In terms of actual combat, the game excels (as always) at putting you in the shoes of a great military general, with its staple brand of large scale, real-time strategy battles. A Total War Saga: Troy provides players with a lot more options regarding strategic play, with units now clearly distinguished as either light, medium, or heavy troops, all of whom operate very differently. Where heavy and medium units act more as frontline defenders and attackers, light units can be utilised for ambushes and flanking the enemy, which gives you a significant edge in the battle. Every unit has its own strengths and weaknesses, and building the right army composition is key to winning any battle in A Total War Saga: Troy. Thanks to the games setting, players also have the option to recruit mythical units into their army, from the minotaur, to the cyclops, to the great centaurs of Ancient Greek myth, however Troy tries to ground itself in reality, realising these creatures as extraordinary warriors who inspired the myths they are based on. All of these special units serve as great additions to an already extensive roster of troops, and combining them with both standard infantry and ranged units opens up a variety of interesting opportunities for players, making every battle feel exciting and tense.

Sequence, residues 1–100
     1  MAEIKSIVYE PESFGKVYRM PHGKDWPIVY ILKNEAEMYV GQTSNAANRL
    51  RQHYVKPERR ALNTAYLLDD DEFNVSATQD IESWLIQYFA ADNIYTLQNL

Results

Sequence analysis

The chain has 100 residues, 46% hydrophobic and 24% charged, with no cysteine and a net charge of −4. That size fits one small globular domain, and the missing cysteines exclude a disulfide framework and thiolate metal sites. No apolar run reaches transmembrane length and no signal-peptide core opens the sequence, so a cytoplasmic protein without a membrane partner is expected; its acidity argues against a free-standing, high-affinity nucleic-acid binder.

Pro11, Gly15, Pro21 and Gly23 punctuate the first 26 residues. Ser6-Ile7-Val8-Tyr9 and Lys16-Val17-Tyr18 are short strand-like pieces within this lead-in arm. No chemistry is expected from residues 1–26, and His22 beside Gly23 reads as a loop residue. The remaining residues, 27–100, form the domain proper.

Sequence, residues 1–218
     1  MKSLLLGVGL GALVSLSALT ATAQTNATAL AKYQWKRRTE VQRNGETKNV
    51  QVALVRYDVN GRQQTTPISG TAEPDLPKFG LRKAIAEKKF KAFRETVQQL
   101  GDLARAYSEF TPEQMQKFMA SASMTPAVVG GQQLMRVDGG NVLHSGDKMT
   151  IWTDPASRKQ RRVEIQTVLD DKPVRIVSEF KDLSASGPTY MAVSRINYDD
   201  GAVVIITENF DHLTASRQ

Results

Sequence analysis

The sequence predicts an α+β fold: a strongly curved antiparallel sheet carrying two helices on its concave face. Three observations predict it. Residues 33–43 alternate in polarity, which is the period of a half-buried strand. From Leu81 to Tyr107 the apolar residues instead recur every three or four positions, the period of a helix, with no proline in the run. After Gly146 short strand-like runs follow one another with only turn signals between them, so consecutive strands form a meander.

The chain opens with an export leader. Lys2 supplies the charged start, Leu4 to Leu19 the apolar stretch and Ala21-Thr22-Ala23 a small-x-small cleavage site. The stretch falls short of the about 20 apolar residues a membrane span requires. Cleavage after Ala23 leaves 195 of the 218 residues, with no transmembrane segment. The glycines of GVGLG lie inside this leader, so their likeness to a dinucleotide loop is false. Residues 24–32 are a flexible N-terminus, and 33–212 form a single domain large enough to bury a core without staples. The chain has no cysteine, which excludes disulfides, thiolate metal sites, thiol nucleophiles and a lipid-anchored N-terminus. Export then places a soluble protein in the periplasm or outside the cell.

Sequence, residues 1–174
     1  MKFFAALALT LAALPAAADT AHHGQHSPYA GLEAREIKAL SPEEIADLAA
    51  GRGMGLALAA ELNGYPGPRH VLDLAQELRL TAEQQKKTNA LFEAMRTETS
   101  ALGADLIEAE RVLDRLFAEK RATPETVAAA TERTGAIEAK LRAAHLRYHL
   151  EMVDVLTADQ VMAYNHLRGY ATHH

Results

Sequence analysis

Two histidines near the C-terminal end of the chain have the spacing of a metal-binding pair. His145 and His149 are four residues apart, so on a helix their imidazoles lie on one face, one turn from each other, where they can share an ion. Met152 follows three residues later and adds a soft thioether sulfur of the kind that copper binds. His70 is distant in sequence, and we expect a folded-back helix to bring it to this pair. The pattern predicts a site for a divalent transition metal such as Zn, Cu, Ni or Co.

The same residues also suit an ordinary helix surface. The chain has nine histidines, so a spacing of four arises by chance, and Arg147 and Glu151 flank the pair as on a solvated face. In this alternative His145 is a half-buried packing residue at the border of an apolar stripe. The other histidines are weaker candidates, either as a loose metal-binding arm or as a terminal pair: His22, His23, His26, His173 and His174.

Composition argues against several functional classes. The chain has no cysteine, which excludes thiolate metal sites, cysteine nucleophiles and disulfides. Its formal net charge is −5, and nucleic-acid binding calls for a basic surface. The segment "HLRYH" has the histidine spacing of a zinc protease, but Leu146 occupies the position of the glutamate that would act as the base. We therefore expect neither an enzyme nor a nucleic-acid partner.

Where A Total War Saga: Troy shines however, is in its setting, and how developers Creative Assembly have perfectly captured the aesthetic and feel of Ancient Greece. The campaign map covers the entirety of Greece as well as the lands of Troy, which in game appears small, but is crammed full of territory for you to capture. The map itself is visually stunning, gorgeous and truly evocative of the world of Ancient Greece, from the craggy plains and cliffs of the Greek islands to the forests of Macedonia, the game truly transports you to the bronze age. Even in battles, and in settlements in particular, there's a significant amount of detail, from the terrain, to the mudbrick settlements and to the towering walls of great cities. A small but welcome addition to the map is the lack of any sky, instead replaced by Ancient Greek paintings and art often depicted on the pottery of the time, which is something that translates over to the games many loading screens, and it is something that only adds to the games charm and inspired visuals.